Prolapsed gland of the third eyelid, otherwise known as ‘cherry eye,’ is a disorder located in the corner of each of the eyes. The third eyelid normally cannot be seen; however, with cherry eye, the third eyelid protrudes and shifts out of its usual position, appearing like a cherry. Both cats and dogs can be affected by this condition. Although it occurs less in cats, flat-faced breeds like Persians, Burmese, and Himalayans are predisposed to this eye problem.
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Signs and Symptoms
Cherry eye in cats is usually a condition that is easy to spot. An oval mass that is reddish/pink or cherry-like protrudes from the inner corner of the cat’s eye. It can occur in both of the cat’s eyes or just in one. It may also look watery/teary, and in some cases may have discharge similar to pus or mucus.
This condition is commonly linked to a congenital weakness of the gland’s attachment in the eyes; however, here are other possible reasons how and why cats acquire cherry eye:
- A defect in the retinaculum
- Weak ligament attachment
- Idiopathic (no known reason)
There is still no found proof that cherry eye in cats is hereditary.
Despite being very easy to diagnose, the vet may want to ensure that the eye condition is a cherry eye and not another potential cause, such as cancer or any other eye injury. Other diagnosis for cherry eye in cats may include and ophthalmic examination along with physical examination and a review of your cat’s medical history. In some rare instances, your veterinarian may need to use diagnostics like MRI or ocular ultrasonography for a more accurate diagnosis.
There are two forms of treatments for cherry eye in cats. These are:
- Non-Surgical Treatment Options This eye condition can be treated with medications such a topical or an oral one, which will help in reducing inflammation, relieve discomfort, and resolve or prevent secondary infections. Other veterinarians may try manual manipulation of the gland, which is painless and can take only a few minutes. However, both of these non-surgical treatment options do not resolve the cherry eye in cats permanently.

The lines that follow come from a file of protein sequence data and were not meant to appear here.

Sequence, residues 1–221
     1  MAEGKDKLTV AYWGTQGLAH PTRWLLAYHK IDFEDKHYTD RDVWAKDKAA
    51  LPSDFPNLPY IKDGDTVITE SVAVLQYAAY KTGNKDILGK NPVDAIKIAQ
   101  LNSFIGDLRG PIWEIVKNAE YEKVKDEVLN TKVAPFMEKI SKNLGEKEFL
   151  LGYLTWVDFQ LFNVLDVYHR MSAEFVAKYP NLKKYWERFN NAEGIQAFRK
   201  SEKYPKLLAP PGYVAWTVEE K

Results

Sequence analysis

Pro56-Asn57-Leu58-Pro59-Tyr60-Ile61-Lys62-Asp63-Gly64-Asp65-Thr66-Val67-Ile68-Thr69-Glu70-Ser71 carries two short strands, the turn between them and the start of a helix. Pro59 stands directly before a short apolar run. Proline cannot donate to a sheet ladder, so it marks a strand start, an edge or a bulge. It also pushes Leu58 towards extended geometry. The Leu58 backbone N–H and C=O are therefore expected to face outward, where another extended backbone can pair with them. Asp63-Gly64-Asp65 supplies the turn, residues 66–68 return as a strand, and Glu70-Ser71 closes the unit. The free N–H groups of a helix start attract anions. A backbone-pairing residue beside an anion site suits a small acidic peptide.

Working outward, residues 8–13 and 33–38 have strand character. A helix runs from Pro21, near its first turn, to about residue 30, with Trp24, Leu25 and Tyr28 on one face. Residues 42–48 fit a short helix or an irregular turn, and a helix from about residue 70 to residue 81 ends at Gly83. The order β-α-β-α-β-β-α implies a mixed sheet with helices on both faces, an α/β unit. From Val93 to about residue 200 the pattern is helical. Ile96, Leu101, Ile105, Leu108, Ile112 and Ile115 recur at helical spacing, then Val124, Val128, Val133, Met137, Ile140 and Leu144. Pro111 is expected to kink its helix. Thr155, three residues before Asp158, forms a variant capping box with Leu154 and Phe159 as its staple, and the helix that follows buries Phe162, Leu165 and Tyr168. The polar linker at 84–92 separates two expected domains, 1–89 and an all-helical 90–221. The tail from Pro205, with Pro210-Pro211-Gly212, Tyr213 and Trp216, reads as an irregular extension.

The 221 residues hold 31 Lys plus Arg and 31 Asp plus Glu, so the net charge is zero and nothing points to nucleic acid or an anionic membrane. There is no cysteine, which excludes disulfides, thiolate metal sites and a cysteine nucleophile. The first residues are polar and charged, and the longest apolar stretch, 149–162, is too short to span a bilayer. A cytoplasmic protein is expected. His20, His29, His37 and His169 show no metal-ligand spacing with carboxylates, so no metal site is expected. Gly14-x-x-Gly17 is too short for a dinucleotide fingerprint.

- Surgical Options
This treatment option may correct the positioning of the cat’s eye glands. However, keep in mind that surgically correcting one eye does not prevent or reduce the risk of development of the cherry eye in the other eye.
- Repositioning the Gland Currently, most vets recommend repositioning of the gland through surgery for cherry eye in cats. There are various techniques for repositioning, which may result in a decreased chance of the reoccurrence of the cherry eye as well as a cosmetic difference.
- Removal of the Gland Removing the cat’s prolapsed tear gland may be an easy fix; however, since the third-eye gland is accountable for producing a huge part of the tear fluid, having it removed may increase the cat’s susceptibility to developing the risk of dry eye syndrome. This means a lifelong, everyday treatment with topical eye drops as well as an anti-inflammatory medication since the lubrication of the eyes have been compromised.
- Pocket Technique This is a common procedure to correct the cherry eye in which a new pocket will be made that will be close to the gland’s presurgical position since the gland cannot be placed back to its original spot. The gland will be positioned in the pocket, and sutures will be used to hold the gland in place and close the pockets securely.
- Orbital Rim Tacking Some vets may prefer and/or suggest having the tear gland tacked onto the orbital rim of the cat’s eye.
Since the cause of this prolapsed gland problem is almost always undetermined, preventative measures for this condition is difficult to identify. The best possible way to help reduce risks of eye issues in your cat is to check its eyes every day for any signs of irritation. Most importantly, schedule a vet appointment if you suspect a problem in your cat’s eyes, whether it looks red, watery, inflamed, or irritated.
Know more about preventive measures to different cat health concerns here!